New York Homeschool Laws
Age 6 to 16/17
You can can use one of the following:
- Iowa Test of Basic Skills,
- the California Achievement Test,
- the Stanford Achievement Test,
- the Comprehensive Test of Basic Skills,
- the Metropolitan Achievement Test,
- a State Education Department Test, or
- another test approved by the State Education Department, such as the Personalized Achievement Summary System (PASS) test.
Your student must score above the 33rd percentile, or show one year of academic progress.
A written narrative prepared by a certified teacher, a home instructor peer group panel or another person with the local superintendent’s consent.
- Patriotism and citizenship
- About Substance Abuse
- Traffic safety (including bike safety)
- Fire safety.
- Before grade 9 Us and New York History and Constitutions
Grades 1 to 6
- US History
- Visual arts
- Physical education
Grades 7 to 8
- History and geography
- Practical arts
- Physical education
- Library skills
Grades 9 to 12
- Mathematics (2 credits)
- English (4 credits)
- Social studies, including American history, participation in government, and economics (4 credits)
- Science (2 credits)
- Art or music (1 credit)
- Health (½ credit)
- Physical education (2 credits)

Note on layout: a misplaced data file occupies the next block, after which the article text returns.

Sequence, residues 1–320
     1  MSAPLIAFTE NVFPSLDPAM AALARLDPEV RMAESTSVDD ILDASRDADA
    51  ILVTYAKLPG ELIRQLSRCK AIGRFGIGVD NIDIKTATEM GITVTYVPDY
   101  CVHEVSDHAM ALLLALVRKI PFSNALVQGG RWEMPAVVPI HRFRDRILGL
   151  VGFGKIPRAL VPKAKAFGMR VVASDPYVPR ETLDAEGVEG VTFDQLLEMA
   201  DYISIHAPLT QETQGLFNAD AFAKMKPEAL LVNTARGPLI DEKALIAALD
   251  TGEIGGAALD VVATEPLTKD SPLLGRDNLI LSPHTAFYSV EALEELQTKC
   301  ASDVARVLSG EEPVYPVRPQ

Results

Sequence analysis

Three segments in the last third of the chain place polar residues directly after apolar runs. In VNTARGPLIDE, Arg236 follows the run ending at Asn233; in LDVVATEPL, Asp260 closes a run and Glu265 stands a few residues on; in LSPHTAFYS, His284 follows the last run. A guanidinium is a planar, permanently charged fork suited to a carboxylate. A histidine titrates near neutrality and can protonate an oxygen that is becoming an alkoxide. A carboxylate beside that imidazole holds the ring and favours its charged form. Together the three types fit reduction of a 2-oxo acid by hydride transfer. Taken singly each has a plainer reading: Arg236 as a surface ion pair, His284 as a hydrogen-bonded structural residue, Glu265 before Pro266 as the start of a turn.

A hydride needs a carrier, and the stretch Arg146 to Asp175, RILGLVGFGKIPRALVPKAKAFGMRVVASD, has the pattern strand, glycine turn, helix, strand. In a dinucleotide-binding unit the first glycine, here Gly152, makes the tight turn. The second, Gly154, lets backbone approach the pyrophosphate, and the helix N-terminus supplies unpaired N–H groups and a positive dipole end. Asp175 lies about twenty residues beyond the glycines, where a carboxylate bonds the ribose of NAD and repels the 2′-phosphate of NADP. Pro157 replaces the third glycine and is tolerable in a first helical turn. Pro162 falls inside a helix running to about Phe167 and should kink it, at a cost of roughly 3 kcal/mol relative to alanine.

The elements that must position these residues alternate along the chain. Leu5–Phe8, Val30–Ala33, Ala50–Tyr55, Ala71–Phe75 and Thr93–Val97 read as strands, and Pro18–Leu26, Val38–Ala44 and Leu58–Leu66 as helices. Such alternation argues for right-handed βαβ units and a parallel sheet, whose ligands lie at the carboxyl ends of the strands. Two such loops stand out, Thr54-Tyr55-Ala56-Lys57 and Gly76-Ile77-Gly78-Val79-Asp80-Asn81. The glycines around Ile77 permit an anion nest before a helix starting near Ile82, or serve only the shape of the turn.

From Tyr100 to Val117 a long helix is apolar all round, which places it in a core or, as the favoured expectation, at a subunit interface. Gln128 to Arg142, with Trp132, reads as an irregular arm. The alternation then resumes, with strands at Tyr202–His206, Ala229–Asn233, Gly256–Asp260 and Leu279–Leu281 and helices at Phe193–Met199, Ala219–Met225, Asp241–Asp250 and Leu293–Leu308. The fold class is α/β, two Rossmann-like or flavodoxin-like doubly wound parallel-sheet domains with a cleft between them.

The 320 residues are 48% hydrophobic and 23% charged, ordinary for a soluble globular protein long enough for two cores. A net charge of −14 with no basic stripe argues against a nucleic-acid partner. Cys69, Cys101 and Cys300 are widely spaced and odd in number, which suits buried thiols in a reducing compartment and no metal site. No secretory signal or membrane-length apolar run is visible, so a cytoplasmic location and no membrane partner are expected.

- Electives (3 credits)
- File a Notice of Intent with the district superintendent before July or within 14 days of starting your homeschool program.
If you live in one of the NYC boroughs this notice, and all homeschooling correspondence, should instead be submitted to the New York City Department of Education’s Office of Home Schooling at 333 Seventh Avenue, 7th Floor, New York, NY 10001.
- You are required annually, by August 15 (or 4 weeks after receipt of the IHIP form from the school district) to submit an individualized home instruction plan. (IHIP)
- File Quarterly Reports.
Showing the number of hours of instruction, a description of material covered in each subject, and a grade or narrative evaluation in each subject.
You must maintain records of attendance showing you are complying with the “substantial equivalent” of 180 days per year. You are not required to submit them except if requested by the superintendent.
You must also be able to show:
900 hours in grades 1 to 16,
990 hours in grades 7 to 12.
*The information on this page is for general use only. It should not be taken as legal advice. It is believed to be accurate however state and federal laws change every year. Homeschool.net recommends joining an organization such as the Home School Legal Defense Association before your homeschooling adventure begins. HSLDA can provide complete, accurate, legal advice and services for homeschooling families.